Antitrust

Plan #54 to Save the Newspapers: Let the Justice Department Run Them

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In Charleston, West Virginia, the Daily Mail and Gazette are on the verge of restructuring their joint operating agreement, not because the papers' publishers decided that this would be a good decision but because the Department of Justice is ordering them to do so. Skip Oliva reports:

The DOJ's proposed order expressly states the newspapers "shall enter into, and abide by the terms of, the Amended and Restated" joint operating agreement. The new agreement cannot be modified or terminated without the DOJ's written permission.

The DOJ order further states that, "The publication of the Charleston Daily Mail as a Daily Newspaper shall not be terminated unless it is a Failing Firm and the United States has given prior written approval." Even if the paper fails, the DOJ order also dictates how the Mail's assets must be disposed.

Finally, the DOJ order mandates a 50% discount for new subscriptions to the Daily Mail and prohibits the Gazette from matching any such discount.

So let's recap: The United States Government has forced two "independent" newspapers to sign a contract governing their business and editorial operations, prohibits one newspaper from ceasing to publish daily, and fixes subscription prices for both newspapers. All to protect "competition."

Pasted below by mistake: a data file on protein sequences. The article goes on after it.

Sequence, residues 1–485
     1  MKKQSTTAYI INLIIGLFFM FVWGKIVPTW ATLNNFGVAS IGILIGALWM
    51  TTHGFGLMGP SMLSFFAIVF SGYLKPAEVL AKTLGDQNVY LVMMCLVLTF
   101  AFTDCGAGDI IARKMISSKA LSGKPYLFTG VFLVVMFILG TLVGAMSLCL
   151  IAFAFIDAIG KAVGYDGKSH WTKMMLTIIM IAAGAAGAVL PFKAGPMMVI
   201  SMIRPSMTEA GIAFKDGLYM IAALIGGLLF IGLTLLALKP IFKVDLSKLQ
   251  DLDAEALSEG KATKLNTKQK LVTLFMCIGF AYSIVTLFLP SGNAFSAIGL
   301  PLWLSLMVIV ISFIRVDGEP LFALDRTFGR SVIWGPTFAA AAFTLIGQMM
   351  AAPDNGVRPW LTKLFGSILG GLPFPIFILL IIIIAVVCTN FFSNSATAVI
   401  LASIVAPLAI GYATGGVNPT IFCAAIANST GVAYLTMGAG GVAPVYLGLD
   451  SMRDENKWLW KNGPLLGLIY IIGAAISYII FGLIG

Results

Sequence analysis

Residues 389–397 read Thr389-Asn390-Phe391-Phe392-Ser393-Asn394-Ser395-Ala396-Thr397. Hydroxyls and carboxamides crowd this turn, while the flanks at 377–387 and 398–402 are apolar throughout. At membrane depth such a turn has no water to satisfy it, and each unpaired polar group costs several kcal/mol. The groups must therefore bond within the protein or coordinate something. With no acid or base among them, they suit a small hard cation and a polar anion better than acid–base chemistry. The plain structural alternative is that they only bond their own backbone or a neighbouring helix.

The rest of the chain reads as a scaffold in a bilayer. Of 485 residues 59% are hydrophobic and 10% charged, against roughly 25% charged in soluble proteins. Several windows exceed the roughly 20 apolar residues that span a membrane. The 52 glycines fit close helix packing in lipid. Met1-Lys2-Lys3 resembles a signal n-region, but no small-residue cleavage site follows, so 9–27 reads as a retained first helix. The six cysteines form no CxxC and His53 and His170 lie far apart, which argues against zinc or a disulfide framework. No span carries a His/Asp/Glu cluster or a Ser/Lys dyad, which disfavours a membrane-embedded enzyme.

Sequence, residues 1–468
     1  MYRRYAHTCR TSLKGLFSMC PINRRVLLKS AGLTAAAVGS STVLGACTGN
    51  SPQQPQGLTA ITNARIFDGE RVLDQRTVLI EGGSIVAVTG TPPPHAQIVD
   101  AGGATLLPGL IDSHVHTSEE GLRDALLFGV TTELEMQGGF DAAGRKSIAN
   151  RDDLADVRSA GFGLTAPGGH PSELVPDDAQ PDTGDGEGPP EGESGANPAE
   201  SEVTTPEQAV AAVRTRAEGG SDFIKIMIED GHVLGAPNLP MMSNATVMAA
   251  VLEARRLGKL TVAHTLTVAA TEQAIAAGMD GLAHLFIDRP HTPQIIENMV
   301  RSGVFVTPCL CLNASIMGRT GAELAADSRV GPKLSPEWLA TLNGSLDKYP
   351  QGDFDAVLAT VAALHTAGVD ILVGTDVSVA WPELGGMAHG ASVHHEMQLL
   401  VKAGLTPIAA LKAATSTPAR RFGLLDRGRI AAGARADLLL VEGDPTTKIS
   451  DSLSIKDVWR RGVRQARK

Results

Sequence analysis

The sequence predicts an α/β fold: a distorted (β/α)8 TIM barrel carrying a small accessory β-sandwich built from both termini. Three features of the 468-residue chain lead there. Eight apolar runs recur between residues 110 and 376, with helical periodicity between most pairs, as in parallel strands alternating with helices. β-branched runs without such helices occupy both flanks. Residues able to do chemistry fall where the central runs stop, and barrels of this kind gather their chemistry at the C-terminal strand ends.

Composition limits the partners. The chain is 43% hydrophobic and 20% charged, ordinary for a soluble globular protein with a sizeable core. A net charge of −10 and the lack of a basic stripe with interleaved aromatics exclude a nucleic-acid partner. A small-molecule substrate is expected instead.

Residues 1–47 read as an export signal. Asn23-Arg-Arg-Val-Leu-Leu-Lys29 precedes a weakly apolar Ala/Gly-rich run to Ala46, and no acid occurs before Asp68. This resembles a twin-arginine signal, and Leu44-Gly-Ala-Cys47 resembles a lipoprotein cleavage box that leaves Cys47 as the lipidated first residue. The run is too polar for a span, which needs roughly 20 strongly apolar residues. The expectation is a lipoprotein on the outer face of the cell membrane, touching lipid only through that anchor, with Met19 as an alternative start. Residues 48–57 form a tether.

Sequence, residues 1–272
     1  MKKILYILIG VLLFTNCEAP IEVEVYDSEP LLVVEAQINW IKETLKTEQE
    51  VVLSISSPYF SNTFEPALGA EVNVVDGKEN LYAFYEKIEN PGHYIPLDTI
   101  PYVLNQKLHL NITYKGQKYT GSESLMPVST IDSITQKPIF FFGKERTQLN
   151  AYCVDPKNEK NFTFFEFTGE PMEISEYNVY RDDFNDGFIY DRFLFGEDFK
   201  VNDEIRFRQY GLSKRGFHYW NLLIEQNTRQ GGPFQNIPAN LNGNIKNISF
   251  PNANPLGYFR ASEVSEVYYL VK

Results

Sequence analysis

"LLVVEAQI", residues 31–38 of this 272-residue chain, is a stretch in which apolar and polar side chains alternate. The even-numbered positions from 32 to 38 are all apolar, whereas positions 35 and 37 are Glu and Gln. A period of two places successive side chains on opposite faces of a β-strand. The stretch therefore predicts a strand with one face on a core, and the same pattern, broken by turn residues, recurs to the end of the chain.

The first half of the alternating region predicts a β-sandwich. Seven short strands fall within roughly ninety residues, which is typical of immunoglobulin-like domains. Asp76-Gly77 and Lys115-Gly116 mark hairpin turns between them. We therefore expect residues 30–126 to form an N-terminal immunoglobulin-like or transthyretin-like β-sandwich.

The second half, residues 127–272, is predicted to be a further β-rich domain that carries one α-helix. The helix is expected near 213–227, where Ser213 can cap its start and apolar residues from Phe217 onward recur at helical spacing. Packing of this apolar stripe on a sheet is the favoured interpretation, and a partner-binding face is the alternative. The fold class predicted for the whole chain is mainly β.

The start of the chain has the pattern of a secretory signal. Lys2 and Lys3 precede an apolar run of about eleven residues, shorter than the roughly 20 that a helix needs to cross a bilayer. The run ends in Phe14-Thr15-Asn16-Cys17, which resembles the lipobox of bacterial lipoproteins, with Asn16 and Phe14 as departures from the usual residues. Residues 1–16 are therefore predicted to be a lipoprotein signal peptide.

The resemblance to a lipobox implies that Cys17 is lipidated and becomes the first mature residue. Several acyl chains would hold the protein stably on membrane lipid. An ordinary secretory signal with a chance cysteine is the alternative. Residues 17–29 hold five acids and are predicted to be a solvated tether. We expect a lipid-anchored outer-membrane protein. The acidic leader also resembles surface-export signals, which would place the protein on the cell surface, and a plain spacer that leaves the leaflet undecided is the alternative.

The background here is that the Gazette and Mail changed the terms of their agreement in 2004. The Justice Department then concluded that the owners aimed to let the weaker paper die. The regulators made their case, in part, by identifying editorial defects at the Mail, making this, in the words of the Newspaper Association of America, the first "antitrust suit based on [the government's] opinion of the adequacy of a newspaper's editorial content." Almost three years of litigation ensued. As Oliva notes, the push here "is coming from DOJ bureaucrats, not the political leadership; this case started in the Bush administration, and there's been no significant policy change under the current regime."

Elsewhere in Reason: Matt Welch argues that joint operating agreements have been bad for the press.

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  1. Tanning businesses criticize proposed ‘tan tax’
    A 10 percent indoor tanning tax is proposed as part of the U.S. Senate’s health care reform bill.

    http://www.mndaily.com/2010/01…..-proposed-‘tan-tax’

    1. Reminds me of the breat implant tax proposed in California a few years ago.

      1. They actually had a cosmetic surgery tax in the Senate bill, but replaced it with the tanning tax. You see, the right sort of people are more likely to get cosmetic surgery, but only the wrong sort of people use tanning beds.

  2. 1. I need a bailout loan.

    2. Buy some Congressmen and force people to read my stuff.

    3. Profit!*

    *Eliminates the question step.

    1. Ooo – I like this. Do you need a partner? Bagman? Hanger on?

      1. Of course! It’s the Chicago way.

  3. I mentioned this in a previous thread, but the FTC chairman has ideas about government subsidizing the poor, poor newspapers. You can read the whole NY Time blog posting, which deals also with his idea that we should go to an opt-in regime for consumer privacy, but here’s the part with his relevant comments:

    The officials also briefly touched on the future for newspapers, which was the subject of a hearing last month. (Here’s a live blog of that event.)

    “There are some areas where you clearly see positive creative destruction,” Mr. Leibowitz said, giving the example of travel agents who were replaced by Orbitz and other online-booking systems. The news, he said, was not one of those.